Is globalization still the answer? Maximizing economic and human potential
Delphi Dialog V, November 28, 2012 in Frankfurt/Main
The latest DHL Global Connectedness Index shows the world is far less connected than it could be. Why? A Delphi Dialog in Frankfurt, Germany, brought together DPDHL CEO Frank Appel, GCI author Pankaj Ghemawat, and Teach For All founder Wendy Kopp to talk about the human side of globalization.
We don't trade nearly as much as we could do with other countries. We don't read news sites from other countries. And the news we read is dominated by domestic issues - despite disasters abroad. We prefer giving money to poor people nearby, rather than those in distant countries. We trust people who live far abroad ten times less than those nearer to home. Apparently, despite our blackberries and our Facebook friends, given how localised our concerns are, we might as well be living in caves.
Professor Pankaj Ghemawat, author of the DHL Global Connectedness Index 2012, raised some eyebrows with these statements during a recent Delphi Dialog in Frankfurt. And despite the fact that trillions of dollars could be generated through greater connectedness, we still aren't improving, Ghemawat said. "Global integration is still quite limited. And what surprised me the most in the 2012 report was that we are actually less connected than we were in 2007."
State of globalization
Professor Pankaj Ghemawat's GCI 2012 analyzes the state of globalization around the world.
The index analyzes the state of globalization around the world - and concludes that the world today is less globally connected than it was in 2007. It documents how global connectedness, measured by international flows of trade, capital, information and people, grew robustly from 2005 to 2007, and then dropped sharply at the onset of the financial crisis. Despite modest gains since 2009, global connectedness has yet to recapture its pre-crisis peak.
Why? A diverse audience from politics, the media and business considered different aspects of connectedness. "We tend to see globalization chiefly from a trade perspective, but a lot of the concerns I hear about it go beyond the realm of the economic," Ghemawat remarked. He and his fellow panellists Wendy Kopp and Frank Appel talked about possible limiting factors, from language, through culture, to politics.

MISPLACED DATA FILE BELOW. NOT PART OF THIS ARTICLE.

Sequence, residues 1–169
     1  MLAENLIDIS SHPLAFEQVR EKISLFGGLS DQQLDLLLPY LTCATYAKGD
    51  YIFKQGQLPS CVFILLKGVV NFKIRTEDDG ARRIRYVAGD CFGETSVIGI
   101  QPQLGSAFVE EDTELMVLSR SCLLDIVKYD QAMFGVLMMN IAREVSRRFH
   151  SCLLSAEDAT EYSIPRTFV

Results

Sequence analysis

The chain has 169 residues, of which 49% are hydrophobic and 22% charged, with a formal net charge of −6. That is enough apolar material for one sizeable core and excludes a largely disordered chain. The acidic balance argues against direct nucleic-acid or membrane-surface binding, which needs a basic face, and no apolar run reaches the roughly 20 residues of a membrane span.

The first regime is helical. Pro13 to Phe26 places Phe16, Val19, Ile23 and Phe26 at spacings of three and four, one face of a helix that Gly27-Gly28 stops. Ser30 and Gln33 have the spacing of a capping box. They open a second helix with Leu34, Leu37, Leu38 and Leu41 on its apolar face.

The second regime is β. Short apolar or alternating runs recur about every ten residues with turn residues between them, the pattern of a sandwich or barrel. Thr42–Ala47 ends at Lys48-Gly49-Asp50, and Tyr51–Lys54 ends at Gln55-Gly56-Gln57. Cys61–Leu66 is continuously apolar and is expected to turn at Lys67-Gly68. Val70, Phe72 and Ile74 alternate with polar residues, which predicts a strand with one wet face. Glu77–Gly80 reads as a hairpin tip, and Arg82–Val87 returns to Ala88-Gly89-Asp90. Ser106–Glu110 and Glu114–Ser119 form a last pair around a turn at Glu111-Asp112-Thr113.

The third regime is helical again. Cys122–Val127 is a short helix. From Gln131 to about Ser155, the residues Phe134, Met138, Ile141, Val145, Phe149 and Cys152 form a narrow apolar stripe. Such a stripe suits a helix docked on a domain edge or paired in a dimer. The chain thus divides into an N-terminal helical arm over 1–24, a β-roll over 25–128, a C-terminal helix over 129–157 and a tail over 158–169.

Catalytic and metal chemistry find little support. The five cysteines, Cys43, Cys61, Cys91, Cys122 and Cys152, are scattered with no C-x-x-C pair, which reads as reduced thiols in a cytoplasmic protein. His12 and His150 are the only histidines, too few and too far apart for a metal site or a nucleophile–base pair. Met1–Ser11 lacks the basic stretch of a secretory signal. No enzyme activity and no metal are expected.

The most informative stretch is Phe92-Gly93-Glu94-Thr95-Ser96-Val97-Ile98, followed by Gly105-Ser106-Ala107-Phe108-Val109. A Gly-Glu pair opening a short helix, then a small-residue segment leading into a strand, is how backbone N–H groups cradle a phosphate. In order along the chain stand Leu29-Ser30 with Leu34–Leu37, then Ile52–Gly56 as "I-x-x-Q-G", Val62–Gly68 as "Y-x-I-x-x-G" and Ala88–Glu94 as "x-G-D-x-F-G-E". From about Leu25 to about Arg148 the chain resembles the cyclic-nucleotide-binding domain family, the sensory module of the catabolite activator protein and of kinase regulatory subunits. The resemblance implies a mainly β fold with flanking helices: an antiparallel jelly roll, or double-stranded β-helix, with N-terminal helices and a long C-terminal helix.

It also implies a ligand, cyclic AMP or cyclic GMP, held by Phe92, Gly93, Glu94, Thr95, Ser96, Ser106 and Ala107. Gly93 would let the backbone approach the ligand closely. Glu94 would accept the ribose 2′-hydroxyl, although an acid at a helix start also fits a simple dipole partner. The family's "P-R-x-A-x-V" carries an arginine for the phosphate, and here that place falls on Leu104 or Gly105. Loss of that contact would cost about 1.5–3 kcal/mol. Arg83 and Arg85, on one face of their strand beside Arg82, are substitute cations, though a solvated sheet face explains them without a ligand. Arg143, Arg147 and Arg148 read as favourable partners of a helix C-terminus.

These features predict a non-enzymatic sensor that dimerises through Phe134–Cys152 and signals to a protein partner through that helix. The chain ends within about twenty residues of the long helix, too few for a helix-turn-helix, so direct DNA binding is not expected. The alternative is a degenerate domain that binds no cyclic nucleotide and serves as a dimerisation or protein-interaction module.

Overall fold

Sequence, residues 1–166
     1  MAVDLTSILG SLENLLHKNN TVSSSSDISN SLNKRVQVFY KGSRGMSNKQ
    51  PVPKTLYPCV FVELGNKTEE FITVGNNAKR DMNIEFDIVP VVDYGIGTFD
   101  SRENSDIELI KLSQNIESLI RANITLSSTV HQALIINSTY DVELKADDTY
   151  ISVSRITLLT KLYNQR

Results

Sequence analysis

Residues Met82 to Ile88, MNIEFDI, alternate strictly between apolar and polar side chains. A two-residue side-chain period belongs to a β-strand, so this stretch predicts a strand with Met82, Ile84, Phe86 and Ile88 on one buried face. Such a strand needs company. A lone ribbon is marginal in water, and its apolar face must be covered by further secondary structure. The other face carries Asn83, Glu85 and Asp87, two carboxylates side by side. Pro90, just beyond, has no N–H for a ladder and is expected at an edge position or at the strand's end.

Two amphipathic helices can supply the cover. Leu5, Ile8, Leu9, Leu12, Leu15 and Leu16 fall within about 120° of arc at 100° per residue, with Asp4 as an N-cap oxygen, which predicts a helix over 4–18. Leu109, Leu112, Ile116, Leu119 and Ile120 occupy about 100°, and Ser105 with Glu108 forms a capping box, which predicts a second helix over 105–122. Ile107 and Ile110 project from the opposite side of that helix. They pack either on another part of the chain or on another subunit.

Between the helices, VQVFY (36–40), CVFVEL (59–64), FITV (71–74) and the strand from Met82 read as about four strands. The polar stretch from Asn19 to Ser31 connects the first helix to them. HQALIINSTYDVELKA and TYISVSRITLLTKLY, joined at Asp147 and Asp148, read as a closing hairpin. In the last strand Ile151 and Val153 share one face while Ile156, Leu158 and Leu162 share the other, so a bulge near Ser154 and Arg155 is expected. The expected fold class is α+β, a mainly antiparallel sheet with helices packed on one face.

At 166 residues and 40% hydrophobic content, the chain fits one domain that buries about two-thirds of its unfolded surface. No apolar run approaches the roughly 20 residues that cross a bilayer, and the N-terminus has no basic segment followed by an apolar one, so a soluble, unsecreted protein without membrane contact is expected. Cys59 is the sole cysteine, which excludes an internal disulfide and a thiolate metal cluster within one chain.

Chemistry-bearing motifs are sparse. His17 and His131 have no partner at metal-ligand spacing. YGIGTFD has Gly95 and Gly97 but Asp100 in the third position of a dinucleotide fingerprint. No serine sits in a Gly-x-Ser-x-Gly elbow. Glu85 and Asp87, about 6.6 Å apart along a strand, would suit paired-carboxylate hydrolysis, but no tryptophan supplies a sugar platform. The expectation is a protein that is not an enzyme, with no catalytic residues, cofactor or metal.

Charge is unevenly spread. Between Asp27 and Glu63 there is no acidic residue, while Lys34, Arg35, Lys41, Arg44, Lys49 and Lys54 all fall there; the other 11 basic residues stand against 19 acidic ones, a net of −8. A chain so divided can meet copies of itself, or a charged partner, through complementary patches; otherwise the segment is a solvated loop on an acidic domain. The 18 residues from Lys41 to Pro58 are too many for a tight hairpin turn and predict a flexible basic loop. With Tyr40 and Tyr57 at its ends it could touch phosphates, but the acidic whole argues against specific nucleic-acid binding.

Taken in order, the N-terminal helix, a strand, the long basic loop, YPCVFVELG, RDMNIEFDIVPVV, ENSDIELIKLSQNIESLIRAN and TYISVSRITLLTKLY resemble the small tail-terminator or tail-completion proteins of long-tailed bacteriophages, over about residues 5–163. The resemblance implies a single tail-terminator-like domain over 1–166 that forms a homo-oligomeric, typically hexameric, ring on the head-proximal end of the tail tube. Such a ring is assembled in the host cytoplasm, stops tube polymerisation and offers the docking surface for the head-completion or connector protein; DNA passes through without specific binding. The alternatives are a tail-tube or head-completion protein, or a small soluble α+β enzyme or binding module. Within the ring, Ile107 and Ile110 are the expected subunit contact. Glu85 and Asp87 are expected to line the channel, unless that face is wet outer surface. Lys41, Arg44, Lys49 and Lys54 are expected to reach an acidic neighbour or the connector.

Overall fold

Increasing educational equality
CEO Frank Appel: "People are human beings first, before they are Chinese, or American, or German."
Fear of voters' opinions has always been the single most constraining factor for politicians, said Ghemawat. Moderator Andrew Hill wondered whether managers at multinational companies, unconstrained by national constituencies, think differently about people living in different countries. "I care about my employees equally, whether they are in Germany, the U.S. or China," said CEO Frank Appel. "People are human beings first, before they are Chinese, or American, or German."
Is language the culprit for the lack of connectedness? Frank Appel noted that it is always easier to connect with colleagues in a language they share, rather than needing an interpreter, which can feel like a barrier. Kopp described deprived children learning English at a school in Delhi. "This will enable them to break the cycle of poverty," she said. But what of the other children, the poorest in different countries? Socioeconomic background completely predicts people's success, said Kopp. "We have to ask ourselves if we want to increase educational equality." Otherwise, she warned, globalization will exacerbate the inequalities we see today.
We tend to view education as a local issue. But the potential for broadening access - and the benefits this would generate - are significant. Education is one of the best ways to combat fears about globalization, and make it safe, said Ghemawat. And as far as caring for our distant neighbours goes, we would only have to care about them marginally more than we do for closer compatriots to fulfil poverty reduction goals, he added.
Comments and analyses on the fifth Delphi Dialog in Frankfurt
- "Our idea of distance has changed, from people in the south of France, twenty years ago, to China nowadays, for example." (CEO Frank Appel)
- "Not everyone can travel abroad - but it is our duty to bring the stories back that human beings are not different." (CEO Frank Appel)
- "We have not done nearly as much as we could to break down barriers - but technology could help." (Pankaj Ghemawat)
- "We have to ask ourselves as a global community whether we are going to make a different level of commitment to expanding educational opportunity." (Wendy Kopp)